Friday 12 October 2012

Unpicking Costume design - The Next day

Last night we took part in the Q&A at the BFI with Deborah Nadoolman Landis. I think it went quite well. We were pleased there were lots of costume folk in the audience who supported the event and joined us afterwards for drinks.

 My feelings in retrospect:

• A couple of people didn't have their questions properly answered and I regret that. We veered off on a bit of a tangent which was hard to come back from and then we were onto the the next question. Apologies from me.

• We were all quite unprepared for some questions which we could easily have thought about in advance - favourite films etc. Of course people are likely to be interested in knowing what interests or inspires us and I wish I had considered more of this beforehand instead of thinking about why I do the job and the daily workings of it all - I was barely able to remember the name of any film at all once I was under the spotlight - costume designers function on the other side of the camera and I am not well practiced at dealing with an audience.

• We could be doing more, as a community of designers here in Britain, to raise the profile of our profession.
Deborah has done a huge amount of work in this area and curating Hollywood Costume at the V&A will do a whole lot more. I think it's all brilliant but it has highlighted, for me at least, the lack of input from us working in the British film industry.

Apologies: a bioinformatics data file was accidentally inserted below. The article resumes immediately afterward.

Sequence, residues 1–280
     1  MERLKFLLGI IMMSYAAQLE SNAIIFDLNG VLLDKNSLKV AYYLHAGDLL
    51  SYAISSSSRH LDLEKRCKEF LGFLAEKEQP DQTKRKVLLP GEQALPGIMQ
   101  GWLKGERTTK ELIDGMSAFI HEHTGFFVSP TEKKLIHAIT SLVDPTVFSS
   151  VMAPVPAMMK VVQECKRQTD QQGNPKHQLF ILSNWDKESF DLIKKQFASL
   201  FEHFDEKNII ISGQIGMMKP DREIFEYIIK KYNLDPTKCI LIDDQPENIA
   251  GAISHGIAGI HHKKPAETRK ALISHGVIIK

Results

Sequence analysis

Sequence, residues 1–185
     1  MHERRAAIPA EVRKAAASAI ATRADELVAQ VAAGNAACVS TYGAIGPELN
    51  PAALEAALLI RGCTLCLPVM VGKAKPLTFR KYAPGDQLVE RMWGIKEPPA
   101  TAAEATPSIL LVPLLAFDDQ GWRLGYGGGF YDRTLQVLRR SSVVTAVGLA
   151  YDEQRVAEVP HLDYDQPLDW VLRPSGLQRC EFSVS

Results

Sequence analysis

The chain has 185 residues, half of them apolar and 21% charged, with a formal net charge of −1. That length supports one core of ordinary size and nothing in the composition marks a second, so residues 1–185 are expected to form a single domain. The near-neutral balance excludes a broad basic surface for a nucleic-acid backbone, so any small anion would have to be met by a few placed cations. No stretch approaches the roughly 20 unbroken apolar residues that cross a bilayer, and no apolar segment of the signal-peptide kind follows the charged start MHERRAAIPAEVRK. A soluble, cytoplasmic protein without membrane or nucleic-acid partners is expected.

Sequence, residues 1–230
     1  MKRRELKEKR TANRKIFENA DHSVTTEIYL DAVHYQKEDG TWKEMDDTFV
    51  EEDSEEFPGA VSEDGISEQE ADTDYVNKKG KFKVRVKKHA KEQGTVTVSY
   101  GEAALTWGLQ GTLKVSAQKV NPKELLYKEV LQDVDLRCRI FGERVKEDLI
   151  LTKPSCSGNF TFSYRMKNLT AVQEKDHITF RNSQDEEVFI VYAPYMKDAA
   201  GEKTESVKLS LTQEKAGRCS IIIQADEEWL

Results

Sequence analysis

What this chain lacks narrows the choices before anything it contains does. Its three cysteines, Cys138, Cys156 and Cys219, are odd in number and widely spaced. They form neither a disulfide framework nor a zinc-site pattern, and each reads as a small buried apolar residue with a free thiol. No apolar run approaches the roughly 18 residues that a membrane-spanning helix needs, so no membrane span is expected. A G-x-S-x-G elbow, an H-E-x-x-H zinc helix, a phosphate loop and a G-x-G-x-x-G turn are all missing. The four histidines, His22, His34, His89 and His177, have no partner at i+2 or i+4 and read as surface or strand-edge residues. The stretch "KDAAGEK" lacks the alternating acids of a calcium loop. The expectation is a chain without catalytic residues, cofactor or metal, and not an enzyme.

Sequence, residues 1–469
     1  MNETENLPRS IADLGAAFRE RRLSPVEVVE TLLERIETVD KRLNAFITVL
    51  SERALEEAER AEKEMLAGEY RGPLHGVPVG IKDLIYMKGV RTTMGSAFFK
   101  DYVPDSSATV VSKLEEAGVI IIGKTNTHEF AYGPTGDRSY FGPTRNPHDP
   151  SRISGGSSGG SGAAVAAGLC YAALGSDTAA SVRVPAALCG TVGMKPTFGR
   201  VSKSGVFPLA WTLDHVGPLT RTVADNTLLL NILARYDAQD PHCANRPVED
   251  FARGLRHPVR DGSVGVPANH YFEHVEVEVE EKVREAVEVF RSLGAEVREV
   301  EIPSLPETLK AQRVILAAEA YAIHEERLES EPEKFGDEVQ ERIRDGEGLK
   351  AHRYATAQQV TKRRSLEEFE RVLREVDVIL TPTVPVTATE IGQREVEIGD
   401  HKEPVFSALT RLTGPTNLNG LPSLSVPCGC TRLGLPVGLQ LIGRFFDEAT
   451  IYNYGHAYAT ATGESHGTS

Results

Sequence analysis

When we get together it tends to be for BECTU or Christmas drinks or we bump into each other in costume houses and have a passing moan about budgets and schedules. We rarely get the chance to gather and talk about the reasons we love the job and consider the creative fulfillment that comes when it all goes to plan.

It's not unusual for a costume designer to feel their work is being sidelined or even dismissed by people who know little about costume but have strong opinions and the power to contribute to the outcome. Some of that will never change but what we do is front of camera, central to the mise en scene, yet we have all had experiences where colleagues on set, who frankly ought to know better, leave us feeling like we are hindering proceedings rather than contributing to the visual outcome.

I am sure we all want the job to be better understood in order for it to be taken more seriously.

I'd like to use this experience as a springboard for us to get going with some sort of regular gathering which both celebrates and investigates the job.
Maybe screening a film and discussing the costumes afterwards? Talks? Interviews? Quarterly?
I shall put out my feelers to find out if people would be interested and if they are then let's see what we can arrange.